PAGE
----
I concur with Jonathan Adler and Robert Alt about the sheer boneheadedness, and transparent ideological aim, of the NYT’s Adam Cohen in his piece today. But such confusion in the service of ideology is nothing new for Cohen (see here and here, and here, and here, and here). What’s interesting is how often he manages, whether by choice or incompetence it is not clear, to mislead his readers about particular cases. Take this example from his latest piece today:
With few exceptions, the court’s activism was in service of a conservative ideology. The justices invoked the due process clause in a novel way to overturn a jury’s award of $79.5 million in punitive damages against Philip Morris, which for decades misrepresented the harm of smoking. It is hard to imagine that Chief Justice Roberts and Justice Alito, who were in the majority, would have supported this sort of “judge-made law” as readily if the beneficiary were not a corporation.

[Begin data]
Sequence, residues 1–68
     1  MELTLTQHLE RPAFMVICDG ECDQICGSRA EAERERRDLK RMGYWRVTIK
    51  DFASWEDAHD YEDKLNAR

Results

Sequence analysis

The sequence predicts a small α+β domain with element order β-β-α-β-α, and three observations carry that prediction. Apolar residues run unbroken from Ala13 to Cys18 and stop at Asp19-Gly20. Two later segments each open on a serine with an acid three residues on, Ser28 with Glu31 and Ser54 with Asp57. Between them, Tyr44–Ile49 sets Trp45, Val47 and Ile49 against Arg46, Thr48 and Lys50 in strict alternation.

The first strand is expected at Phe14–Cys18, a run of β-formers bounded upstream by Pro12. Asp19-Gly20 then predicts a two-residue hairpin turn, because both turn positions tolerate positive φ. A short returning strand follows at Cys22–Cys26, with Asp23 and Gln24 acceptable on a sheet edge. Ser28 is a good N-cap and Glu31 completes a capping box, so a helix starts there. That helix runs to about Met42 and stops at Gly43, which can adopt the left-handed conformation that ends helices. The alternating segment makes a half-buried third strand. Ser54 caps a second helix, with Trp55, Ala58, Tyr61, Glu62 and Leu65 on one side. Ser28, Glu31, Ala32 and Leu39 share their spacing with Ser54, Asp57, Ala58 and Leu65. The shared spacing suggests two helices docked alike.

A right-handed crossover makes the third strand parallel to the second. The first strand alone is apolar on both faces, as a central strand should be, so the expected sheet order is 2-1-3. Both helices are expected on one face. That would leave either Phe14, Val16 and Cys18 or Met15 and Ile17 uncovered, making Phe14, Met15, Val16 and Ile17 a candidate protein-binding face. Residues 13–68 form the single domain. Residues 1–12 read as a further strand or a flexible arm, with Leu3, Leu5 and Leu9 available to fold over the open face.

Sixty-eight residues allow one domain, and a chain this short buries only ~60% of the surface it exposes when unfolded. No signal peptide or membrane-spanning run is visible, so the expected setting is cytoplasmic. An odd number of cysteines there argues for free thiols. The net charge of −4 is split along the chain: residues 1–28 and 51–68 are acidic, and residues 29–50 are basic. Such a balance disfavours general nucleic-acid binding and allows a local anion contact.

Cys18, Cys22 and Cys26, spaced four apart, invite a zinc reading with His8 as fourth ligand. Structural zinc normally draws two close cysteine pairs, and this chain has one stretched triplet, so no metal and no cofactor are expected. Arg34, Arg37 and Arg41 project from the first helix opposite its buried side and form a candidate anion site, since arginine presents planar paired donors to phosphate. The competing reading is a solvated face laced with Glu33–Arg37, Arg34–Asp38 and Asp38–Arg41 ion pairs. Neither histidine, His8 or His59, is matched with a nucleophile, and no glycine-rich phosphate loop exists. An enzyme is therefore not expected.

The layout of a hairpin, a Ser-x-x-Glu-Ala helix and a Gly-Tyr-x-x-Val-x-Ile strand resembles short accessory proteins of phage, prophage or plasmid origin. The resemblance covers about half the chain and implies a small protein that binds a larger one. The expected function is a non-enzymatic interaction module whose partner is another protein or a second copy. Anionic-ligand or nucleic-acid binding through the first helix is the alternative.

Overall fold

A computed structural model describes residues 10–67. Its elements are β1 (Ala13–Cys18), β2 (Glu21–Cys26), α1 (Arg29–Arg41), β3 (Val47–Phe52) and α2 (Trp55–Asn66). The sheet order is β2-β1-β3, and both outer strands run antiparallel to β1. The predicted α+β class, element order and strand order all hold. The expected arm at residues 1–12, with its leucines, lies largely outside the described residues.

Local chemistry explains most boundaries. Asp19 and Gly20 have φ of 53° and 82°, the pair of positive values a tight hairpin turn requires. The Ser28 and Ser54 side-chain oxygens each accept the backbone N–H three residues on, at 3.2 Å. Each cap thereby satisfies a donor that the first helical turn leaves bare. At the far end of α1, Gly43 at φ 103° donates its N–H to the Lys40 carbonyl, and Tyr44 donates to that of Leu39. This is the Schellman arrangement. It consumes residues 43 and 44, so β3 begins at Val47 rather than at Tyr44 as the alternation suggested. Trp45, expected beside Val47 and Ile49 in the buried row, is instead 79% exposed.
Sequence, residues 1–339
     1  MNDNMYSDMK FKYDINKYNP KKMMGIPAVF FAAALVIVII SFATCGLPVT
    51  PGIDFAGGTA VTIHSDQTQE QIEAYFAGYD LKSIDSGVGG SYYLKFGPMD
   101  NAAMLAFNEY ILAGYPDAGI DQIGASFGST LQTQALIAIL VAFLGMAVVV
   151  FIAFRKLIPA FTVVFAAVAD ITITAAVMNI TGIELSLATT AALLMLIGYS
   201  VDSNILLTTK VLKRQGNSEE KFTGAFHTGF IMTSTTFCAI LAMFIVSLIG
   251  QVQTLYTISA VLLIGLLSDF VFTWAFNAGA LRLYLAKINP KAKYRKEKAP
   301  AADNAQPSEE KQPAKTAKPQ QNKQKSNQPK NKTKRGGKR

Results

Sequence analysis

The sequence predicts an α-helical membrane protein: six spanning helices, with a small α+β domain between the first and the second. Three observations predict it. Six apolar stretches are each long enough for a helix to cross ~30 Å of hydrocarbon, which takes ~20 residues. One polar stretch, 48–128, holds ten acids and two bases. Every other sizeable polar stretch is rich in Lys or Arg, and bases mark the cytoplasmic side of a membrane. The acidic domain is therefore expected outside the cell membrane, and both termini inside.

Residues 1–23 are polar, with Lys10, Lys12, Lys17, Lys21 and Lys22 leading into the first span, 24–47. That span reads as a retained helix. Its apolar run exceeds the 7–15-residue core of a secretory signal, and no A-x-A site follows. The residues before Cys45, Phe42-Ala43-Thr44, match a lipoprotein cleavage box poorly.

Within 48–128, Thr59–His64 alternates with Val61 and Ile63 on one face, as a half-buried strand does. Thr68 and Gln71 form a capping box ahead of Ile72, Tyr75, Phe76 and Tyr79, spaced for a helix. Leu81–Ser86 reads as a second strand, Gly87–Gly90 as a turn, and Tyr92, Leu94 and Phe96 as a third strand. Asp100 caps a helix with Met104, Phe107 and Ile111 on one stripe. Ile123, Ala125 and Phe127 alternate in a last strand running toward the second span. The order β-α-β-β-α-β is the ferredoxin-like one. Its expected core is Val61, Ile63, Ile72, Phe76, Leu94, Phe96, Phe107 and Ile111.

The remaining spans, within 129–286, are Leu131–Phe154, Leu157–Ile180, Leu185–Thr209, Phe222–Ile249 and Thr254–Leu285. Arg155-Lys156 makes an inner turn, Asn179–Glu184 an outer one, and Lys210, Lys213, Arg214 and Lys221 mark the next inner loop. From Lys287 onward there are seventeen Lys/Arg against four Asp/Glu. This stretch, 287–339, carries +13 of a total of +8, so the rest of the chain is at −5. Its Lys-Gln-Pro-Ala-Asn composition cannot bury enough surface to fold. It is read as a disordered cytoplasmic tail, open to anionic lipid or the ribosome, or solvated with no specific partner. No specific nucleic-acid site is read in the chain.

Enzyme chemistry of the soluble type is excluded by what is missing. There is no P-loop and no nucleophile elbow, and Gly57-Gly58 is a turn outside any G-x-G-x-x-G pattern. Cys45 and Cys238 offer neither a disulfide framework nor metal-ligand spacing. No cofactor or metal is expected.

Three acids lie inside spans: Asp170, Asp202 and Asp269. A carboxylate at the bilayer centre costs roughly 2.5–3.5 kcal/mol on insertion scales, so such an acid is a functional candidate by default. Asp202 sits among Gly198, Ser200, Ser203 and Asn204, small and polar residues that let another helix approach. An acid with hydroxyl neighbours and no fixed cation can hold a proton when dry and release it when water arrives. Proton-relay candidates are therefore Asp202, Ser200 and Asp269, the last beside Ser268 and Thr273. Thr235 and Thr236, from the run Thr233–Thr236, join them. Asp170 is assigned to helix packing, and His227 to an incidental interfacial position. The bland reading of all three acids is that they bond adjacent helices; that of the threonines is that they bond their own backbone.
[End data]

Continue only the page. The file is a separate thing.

The case he mentions, Philip Morris v. Williams, did indeed include Roberts and Alito in the majority. The remainder of the majority, however, consisted of Justices Kennedy, Souter, and Breyer, with Breyer writing for the majority. In dissent were the justices most widely viewed as the most conservative on the Court, Scalia and Thomas, as well as Justices Ginsburg, whose dissent they joined, and Stevens (who wrote separately for himself, as did Thomas in addition to joining Ginsburg). On this case, I would have been with the dissenters, and I would characterize the reading of the due process clause that caps punitive damages as “activist.” But even if I were on the other side, when Scalia and Thomas are among the critics of the ruling, and the opinion of the Court is written by Justice Breyer, it’s awfully hard to say with a straight face that the decision was “in service of a conservative ideology.”